They came in crowds, and the kettle was passed from hand to hand, and they were allowed to examine it all over, and even to look inside. Then Jackmand took it back, and setting it on the platform, commanded it to become a squirrel. In an instant the handle began to change into a head, and the spout into a tail, while the four paws appeared at the sides. 'Dance!' said Jackmand, and the squirrel did some steps, and moved first on one side and then on the other, till the people could not stand still any longer, and began to dance too, and it seemed as if all would go on dancing forever. And so very likely the squirrel would, if Jackmand had not declared he had danced enough, and that the booth must now be closed.

Day after day the booth was so full it was hardly possible to enter it, and what the neighbour foretold had come to pass, and Jackmand was a rich man. Yet he did not feel happy. He was an honest man, and he thought that he owed some of his wealth to the man from whom he had bought the kettle. So, one morning, he put a hundred gold pieces into it, and hanging the kettle once more on his arm, he returned to the seller of it. 'I have no right to keep it any longer,' he added when he had ended his tale, 'so I have brought it back to you, and inside you will find a hundred gold pieces as the price of its hire.'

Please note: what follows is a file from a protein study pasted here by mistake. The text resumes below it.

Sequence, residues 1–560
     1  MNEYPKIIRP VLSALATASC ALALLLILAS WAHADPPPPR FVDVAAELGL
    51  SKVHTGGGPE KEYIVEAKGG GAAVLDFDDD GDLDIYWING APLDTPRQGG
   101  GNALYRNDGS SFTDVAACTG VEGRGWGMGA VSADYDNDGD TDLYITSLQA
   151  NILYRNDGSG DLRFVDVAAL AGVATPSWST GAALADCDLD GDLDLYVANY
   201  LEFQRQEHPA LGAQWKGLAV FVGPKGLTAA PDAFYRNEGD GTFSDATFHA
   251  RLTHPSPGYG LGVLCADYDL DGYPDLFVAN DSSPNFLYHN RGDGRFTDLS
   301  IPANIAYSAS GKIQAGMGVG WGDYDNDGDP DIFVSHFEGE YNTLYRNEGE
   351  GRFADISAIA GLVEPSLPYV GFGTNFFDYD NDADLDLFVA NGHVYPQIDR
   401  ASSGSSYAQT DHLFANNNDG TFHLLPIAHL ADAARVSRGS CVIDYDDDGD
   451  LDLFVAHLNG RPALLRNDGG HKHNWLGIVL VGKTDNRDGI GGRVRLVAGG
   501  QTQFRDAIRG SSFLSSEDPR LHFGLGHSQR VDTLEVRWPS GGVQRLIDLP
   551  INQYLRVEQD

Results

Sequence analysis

The man thanked Jackmand, and said that few people would have been as honest as he. And the kettle brought them both luck, and everything went well with them till they died, which they did when they were very old, respected by everyone.

Mount Analogue

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Mount Analogue: A Novel of Symbolically Authentic Non-Euclidean Adventures in Mountain Climbing 

They made a movie about that woman?

Friday, August 8, 2014 | |

Damn Yellow Composite (DYC)
It all started with–
Little Brown Mushroom (LBM)
 It all started when we were–
Little Brown Job (LBJ)
It all started–


Monday, August 4, 2014 | |

 Teatotalism :
The practice of substitution of alcohol beverages with those of the many forms of camellia sinensis, commonly know as the tea plant.
Teatotaler :
One that practices teatotalism

A Pattern Language for Effective Activism

Thursday, July 31, 2014 | |

In logical reading order:
  1. Full House — Stephen Jay Gould
  2. When Elephants Weep — Jeff Masson
  3. Freeman Dyson’s Brain — Wired Magazine
  4. The Story of B — Daniel Quinn
  5. A Language Older Than Words — Derrick Jensen
  6. The World We Want — Mark Kingwell
  7. The Spell of the Sensuous — David Abram
  8. The Truth About Stories — Thomas King
  9. Humans in the Wilderness — Glenn Parton
  10. Against the Grain — Richard Manning
  11. The Commonwealth of Life – Peter Brown
  12. Short History of Progress — Ronald Wright
  13. (Haven’t found it yet — will report when I have)
Well, the missing and perhaps final slot on this list has now been filled, by London School of Economics Philosophy professor John Gray’s Straw Dogs.

The Nine Nations of China

Wednesday, July 30, 2014 | |

Kaitlin Manning, an associate at B & L Rootenberg Rare Books and Manuscripts, says part of the reason why modern viewers are so captivated by marginalia is because we expect this era to be so conservative. For example, few Monty Python fans realize that the comedy group’s silly animations are direct references to artwork in illuminated manuscripts. (Illuminated simply means decorated with gold or silver foil.)

To Home At Space In Ibiza

Thursday, July 24, 2014 | |